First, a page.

Domestic cleaners mainly carry out work for individual households, buy to let properties, B&B's and guesthouses. It seems an easy profession to get into, however, the sector is highly competitive with an estimated 25000 domestic cleaning services in the UK.
Despite competition there is still space in the marketplace, and here are some useful tips when starting your cleaning business to ensure you can take advantage of the opportunity and build a competitive business.
1. Qualifications and Skills
While there are no formal qualifications required you may consider looking at training opportunities to put you ahead of the competition.
Start-up Courses include:
- The Practical Cleaning Skills award at levels 1-3. This is an entry level course for those with limited experience covering the principles of cleaning which is accredited by various bodies including Edexcel and City & Guilds, green cleaning practises and teamwork.
- The Level 2 award in cleaning principles accredited by various bodies including City & Guilds and Edexcel. The course covers waste disposal, health and safety and cleaning of bathrooms and restrooms.
Business Start-up courses include
- Free webinars from HMRC, giving advice such as the ins and outs of becoming an employer.
- Contracts of employment, recruitment and selection which is a distance learning course that costs £110 and is beneficial for cleaners wanting to recruit staff.
- Consumer rights training which is a 35 minute online course that costs £25 and explains the Consumer Rights Act 2015 and instructs on how to deal with customer complaints, fair wording of T&C's and handling disputes.
- Enterprise Hub offers direct training through a combination of business advice and short courses to help you through the business planning process and understand your responsibilities as a new business owner
You may also wish to keep up to date with developments in the industry on websites such as the Cleaning mag and Cleaning Hygiene today or follow Karcher UK on Twitter.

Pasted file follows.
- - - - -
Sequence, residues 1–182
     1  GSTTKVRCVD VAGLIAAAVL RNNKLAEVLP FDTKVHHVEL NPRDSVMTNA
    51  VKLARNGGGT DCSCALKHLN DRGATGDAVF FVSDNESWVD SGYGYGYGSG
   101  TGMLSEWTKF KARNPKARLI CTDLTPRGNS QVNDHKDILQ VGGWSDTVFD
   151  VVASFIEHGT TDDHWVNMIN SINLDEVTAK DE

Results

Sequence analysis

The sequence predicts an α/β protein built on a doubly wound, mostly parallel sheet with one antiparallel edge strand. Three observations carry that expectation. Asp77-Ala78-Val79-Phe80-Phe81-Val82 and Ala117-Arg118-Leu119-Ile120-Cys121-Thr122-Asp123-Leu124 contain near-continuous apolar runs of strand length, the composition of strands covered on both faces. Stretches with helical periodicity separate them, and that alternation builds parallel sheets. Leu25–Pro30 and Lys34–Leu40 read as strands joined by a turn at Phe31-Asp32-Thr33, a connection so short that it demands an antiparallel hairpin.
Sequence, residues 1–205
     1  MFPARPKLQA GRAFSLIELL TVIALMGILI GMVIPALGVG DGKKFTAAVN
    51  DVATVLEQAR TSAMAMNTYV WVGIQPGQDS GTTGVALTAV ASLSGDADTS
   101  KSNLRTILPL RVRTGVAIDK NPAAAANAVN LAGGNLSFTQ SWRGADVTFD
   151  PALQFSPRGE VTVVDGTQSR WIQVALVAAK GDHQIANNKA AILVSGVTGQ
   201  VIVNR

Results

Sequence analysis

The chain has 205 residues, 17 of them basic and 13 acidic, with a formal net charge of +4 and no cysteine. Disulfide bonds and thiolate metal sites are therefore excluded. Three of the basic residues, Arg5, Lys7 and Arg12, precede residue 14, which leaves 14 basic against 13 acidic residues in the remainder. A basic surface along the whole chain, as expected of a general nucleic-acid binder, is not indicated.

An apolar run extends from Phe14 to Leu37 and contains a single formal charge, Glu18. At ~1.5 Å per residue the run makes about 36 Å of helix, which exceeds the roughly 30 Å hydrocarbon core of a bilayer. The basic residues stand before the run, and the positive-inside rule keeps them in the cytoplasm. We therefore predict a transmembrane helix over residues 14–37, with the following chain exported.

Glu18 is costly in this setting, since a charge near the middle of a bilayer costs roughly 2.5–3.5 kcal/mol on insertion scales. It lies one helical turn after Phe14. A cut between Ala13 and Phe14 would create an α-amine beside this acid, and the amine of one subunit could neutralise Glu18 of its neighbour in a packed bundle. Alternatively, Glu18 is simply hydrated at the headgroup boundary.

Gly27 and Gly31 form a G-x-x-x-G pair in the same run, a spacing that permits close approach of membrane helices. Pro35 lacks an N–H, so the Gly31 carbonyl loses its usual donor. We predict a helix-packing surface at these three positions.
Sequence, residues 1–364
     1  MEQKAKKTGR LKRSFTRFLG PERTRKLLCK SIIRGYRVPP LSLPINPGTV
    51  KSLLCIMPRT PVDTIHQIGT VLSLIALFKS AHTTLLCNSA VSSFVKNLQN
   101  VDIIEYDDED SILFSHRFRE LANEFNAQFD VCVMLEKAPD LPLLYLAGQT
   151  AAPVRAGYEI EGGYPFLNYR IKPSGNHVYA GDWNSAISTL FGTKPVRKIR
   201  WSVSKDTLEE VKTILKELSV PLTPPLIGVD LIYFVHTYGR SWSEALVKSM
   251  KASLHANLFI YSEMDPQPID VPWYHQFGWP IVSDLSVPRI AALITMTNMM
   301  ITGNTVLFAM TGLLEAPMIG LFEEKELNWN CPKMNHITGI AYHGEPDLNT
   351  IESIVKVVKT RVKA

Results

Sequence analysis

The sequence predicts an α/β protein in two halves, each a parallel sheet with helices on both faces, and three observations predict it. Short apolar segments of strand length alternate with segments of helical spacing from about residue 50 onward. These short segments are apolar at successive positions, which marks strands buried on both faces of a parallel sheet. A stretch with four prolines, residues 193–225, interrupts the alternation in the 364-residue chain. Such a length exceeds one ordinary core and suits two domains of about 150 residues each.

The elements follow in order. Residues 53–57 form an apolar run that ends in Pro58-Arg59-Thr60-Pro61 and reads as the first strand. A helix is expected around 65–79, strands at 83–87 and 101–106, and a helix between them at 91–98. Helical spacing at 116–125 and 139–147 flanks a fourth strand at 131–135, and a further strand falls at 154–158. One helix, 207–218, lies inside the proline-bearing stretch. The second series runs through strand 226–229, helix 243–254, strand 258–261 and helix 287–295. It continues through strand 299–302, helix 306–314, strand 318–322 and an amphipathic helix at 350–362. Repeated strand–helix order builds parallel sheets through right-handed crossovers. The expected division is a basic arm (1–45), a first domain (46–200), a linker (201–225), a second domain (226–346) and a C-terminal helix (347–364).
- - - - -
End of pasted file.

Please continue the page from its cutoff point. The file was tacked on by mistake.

2. Trading and Commercial
There are a few things that you will need to think about on a practical level:
- Provision of cleaning and protective equipment including safety goggles and waterproof gloves for any staff team
- Notifying your landlord/mortgage company should you wish to run your business from home and arranging home and business insurance.
- Setting up pricing strategy - will you charge at an hourly rate or a look for a monthly retainer? Checking your costs and ensuring you are factoring in a wage on top of those
- You might consider trade body membership to get access to online directories and discounts from industry suppliers from www.bics.org.uk and www.fedmc.co.uk.
The law is vast, but here are some key ones that effect the cleaning industry that it is worth reading up on so you don't get caught out later.
- Compliance to The Alternative Dispute Resolution for Consumer Disputes (Competent Authorities and Information) Regulations 2015 in terms of resolving disputes.
- Consumer Rights Act 2015.
- Control of Substances Hazardous to Health Regulations 2002 (COSHH)
Want to hear from someone who took the leap? Here is the story of Liverpool resident Sue Crawford who left her own job to become her own boss.